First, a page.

I've had it up to here, ArenaNet. We, your community, are dying for some real information. You can't keep putting out flimflam posts and expect us to be happy. We've given you our money, for goodness' sake, we deserve a --
Release date, you say? August 28th, you say?
It's been a pretty exciting week for those of us anticipating Guild Wars 2. Last Wednesday we got some bonus time in the word of present-day Tyria (is it bad that I've already begun to think of Guild Warsas the past?), and then Thursday a cool video (yeah, that one up there) came out on ArenaNet's official YouTube channel. Shortly after the video, a blog post went up spelling out what the video implied: Guild Wars 2 has an official launch date of August 28th, 2012.
The blog also confirmed that there is one (1) beta weekend event remaining, and it'll come in the second-to-last weekend of July. It was a double scoop of delicious information, with the cherries of beautiful graphics on top, drizzled with tasty Zhaitan sludge. Yum.
I used to be less than thrilled about that idea, but I'm warming up to it startlingly quickly. I'll probably keep one race (decided, likely as not, by a coin flip) in reserve for launch, but I've been really excited to see how ArenaNet handled the two races' zones since we first got glimpses of their capitalcities.
Polishing and balance seem to be precisely the sort of updates we're hearing about lately, which is encouraging. O'Brien's statements in the release date post suggest that the content of the game is more or less handled, things are basically in place. Now, rather than raw generation, we can hope that the team is focused on refinement -- integrating improvements, tweaking things in response to beta testing feedback, and maintaining the fun factor.
In the past week(ish), both Chris Whiteside and Eric Flannum have talked about some of the improvements and adjustments being made. One of the most important changes, in my opinion, is the improvement of melee combat.
First, we are going to do some work on melee combat to give players more time to react to enemy attacks and behaviors. Second, we will be putting in systems that telegraph changes in the game states and behaviors of enemies and bosses dependent on how the group is interacting with them. - Chris Whiteside in an interview with RPGamer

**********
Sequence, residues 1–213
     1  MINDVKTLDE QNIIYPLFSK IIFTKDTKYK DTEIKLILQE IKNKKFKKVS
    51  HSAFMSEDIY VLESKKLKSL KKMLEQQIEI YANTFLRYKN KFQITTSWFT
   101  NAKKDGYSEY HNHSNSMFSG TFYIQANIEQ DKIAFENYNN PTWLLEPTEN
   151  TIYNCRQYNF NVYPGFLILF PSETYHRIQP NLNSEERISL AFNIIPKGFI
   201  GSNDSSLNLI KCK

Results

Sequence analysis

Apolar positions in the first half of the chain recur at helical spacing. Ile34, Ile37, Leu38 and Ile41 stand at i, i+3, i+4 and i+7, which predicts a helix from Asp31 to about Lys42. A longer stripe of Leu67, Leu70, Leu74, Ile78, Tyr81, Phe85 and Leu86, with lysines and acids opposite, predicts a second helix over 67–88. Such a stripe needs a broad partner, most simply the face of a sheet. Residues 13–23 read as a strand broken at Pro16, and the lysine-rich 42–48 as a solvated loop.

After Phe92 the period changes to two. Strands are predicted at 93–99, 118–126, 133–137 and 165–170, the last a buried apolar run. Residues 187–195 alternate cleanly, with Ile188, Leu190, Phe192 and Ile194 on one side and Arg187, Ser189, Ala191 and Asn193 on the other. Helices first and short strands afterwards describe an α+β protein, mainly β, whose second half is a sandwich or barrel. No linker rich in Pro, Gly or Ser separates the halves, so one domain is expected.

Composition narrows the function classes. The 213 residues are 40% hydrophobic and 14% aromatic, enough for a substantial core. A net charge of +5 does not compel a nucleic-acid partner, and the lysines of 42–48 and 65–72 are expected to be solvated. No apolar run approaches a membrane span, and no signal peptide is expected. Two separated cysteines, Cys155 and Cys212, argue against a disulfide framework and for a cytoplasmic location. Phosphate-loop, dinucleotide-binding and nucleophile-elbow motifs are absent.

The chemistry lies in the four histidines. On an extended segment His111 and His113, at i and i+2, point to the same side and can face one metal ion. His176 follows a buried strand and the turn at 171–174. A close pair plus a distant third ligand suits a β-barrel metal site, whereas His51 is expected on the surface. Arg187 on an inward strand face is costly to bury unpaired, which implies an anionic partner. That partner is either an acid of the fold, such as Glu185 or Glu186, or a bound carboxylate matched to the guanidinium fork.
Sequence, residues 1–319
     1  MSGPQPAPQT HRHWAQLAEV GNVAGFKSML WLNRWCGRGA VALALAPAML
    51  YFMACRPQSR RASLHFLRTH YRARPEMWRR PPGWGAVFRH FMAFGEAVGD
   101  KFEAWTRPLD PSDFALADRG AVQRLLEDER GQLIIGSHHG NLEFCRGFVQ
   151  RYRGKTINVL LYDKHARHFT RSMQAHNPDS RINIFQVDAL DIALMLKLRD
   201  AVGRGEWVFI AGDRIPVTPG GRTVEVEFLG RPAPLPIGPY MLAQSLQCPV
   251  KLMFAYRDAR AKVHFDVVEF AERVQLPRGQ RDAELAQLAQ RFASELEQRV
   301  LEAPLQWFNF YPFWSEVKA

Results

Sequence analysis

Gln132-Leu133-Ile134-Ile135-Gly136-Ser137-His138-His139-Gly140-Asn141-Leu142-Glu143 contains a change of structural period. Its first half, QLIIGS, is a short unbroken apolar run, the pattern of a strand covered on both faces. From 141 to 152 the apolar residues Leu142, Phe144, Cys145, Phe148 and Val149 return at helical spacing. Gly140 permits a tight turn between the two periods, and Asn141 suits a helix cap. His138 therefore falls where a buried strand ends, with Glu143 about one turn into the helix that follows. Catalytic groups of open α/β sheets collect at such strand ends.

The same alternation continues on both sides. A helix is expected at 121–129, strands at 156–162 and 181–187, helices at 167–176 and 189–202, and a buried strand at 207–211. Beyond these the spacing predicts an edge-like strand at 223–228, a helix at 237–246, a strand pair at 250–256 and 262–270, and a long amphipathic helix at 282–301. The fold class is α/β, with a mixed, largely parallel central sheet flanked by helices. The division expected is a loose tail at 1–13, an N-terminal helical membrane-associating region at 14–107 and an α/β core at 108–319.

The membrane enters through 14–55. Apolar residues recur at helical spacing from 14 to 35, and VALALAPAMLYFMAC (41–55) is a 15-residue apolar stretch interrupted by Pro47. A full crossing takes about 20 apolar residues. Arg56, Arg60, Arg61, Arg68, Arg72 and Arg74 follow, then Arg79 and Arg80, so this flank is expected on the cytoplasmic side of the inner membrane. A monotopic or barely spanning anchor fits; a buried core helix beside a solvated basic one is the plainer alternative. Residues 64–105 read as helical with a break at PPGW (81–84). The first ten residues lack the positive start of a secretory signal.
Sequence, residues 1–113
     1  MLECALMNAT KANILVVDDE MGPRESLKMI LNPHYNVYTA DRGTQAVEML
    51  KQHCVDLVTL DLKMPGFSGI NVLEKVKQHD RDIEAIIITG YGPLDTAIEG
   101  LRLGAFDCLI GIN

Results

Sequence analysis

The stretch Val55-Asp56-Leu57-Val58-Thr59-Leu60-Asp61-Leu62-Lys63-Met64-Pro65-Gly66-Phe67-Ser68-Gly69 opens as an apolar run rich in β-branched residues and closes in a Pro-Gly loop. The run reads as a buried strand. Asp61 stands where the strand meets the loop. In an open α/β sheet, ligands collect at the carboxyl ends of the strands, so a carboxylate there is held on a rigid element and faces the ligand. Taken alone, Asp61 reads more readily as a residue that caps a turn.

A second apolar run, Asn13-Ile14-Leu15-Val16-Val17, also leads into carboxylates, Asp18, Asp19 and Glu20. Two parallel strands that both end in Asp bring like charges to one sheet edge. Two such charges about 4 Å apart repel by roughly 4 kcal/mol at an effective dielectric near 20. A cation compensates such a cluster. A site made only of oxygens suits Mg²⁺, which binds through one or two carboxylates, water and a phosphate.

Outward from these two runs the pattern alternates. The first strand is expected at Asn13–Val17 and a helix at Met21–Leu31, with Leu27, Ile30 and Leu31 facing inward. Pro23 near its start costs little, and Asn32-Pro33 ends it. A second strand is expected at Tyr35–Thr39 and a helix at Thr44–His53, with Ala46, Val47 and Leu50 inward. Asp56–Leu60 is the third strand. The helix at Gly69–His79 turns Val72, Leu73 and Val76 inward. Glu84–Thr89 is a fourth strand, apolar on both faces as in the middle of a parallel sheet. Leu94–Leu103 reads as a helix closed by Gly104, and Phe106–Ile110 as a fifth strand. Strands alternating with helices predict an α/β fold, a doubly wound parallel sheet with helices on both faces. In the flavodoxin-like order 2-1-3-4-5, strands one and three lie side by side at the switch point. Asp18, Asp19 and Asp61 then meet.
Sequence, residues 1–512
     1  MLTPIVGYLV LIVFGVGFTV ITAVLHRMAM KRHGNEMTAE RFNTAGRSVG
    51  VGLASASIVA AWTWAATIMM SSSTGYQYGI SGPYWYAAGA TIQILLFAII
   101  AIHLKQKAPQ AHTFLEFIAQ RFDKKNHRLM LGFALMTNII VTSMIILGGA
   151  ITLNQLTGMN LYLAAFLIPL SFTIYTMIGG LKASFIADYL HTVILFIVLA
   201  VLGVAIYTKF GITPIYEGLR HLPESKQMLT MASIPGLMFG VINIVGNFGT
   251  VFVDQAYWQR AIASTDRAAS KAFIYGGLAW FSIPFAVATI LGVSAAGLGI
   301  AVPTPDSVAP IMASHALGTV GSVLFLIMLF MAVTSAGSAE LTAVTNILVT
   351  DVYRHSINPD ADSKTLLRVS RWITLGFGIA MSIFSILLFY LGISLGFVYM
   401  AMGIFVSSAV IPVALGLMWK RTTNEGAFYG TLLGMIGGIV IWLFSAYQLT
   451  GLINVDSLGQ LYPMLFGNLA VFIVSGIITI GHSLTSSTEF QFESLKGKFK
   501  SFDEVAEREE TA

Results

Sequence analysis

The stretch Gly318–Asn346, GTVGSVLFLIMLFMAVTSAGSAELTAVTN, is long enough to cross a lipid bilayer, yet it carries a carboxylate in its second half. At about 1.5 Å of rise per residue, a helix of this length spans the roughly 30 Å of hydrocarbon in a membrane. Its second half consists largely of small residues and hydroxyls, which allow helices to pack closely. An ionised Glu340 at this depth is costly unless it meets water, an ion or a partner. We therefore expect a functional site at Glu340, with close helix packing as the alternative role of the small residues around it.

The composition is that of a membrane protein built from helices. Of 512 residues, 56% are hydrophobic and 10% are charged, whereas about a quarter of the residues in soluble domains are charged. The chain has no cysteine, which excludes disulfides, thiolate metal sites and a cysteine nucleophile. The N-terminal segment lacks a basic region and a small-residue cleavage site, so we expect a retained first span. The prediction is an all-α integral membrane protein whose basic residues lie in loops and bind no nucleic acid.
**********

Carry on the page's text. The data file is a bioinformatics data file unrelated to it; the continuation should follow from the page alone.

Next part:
A lot of the other changes currently being discussed seem to touch on WvW gameplay (which, given the scale necessary for thorough testing, isn't surprising). We already saw tremendous changes in BWE2, with the addition of jumping puzzles, skill point challenges, a terrifying and thrilling open-world dungeon, and the like. We'll see others, whether at launch or during the beta weekend, like a mechanism for helping out severely undermatched servers. We don't have any more details on that one, but between that and the automated server matching system, people will hopefully feel as if they're able to have fun even if they're not winning every match.
I saw some people grousing about the underdog-helping-system (about which we know absolutely nothing except that it exists as at least a concept in the minds of the developers) because it subverts the natural order of things, I guess? I don't know whether it's because they're worried about the system being dreadfully overpowered (which would be an acceptable, if unlikely, fear) or because they think that if a server is losing, it deserves to lose horribly and should give up and roll over (which would not).
I'm in favor of this sort of thing because a large part of the philosophy behind Guild Wars 2 is that you should be able to play what you want to play when you want to play it. The devs have made it as easy as possible to switch between PvE, WvW, and PvP, so it makes sense that they ensure that players can actually benefit from their experience when they hop between the three. You shouldn't have to commit to being a WvW player most of the time, and you shouldn't have to pick a WvW-heavy server so that you have a good experience the few times that you really feel like WvWing. If I'm a PvE-centric player and I want to chill with my PvE-centric friends but occasionally pop over into WvW, I should still be able to have a really good time and not feel hideously frustrated and hampered by my server choice. Would I expect, in such a case, to be able to go out and faceroll everything? No, of course not. But I would hope that this sort of system goes in place to be sure that people who want to have a good time can.
In the world of Guild Wars, this weekend marked the annual Dragon Festival. This year's festival had no new rewards but rather allowed players to earn festival hats from previous events, which was met with the unending glee by those who'd missed out and cries of despair from people who staked their self-worth on the fact that they had a hat from way back when. Something similar happened with the last batch of birthday presents.
It seems like ever since the Embark Beach update, Guild Wars has been moving more and more toward maintenance mode. It makes sense, unless you're someone who loves Guild Wars and doesn't really care about progressing to 2. And it is progress. Guild Wars has aged gracefully and still meets many needs nicely, but my gosh. While I was dragging my sixth character through Panjiang Peninsula to destroy the festival baddies, I gave up on the notion that Guild Wars holds anything more than a candle to the beauty of its sequel. I also gave up the notion that jump-less, dodge-less combat is what I want, deep down. I will miss Guild Wars when nobody I know plays it and I haven't got time for it and everything's different, but we move onward to much better things.
So yeah, slow week. Nothin' to see here; move along, move along.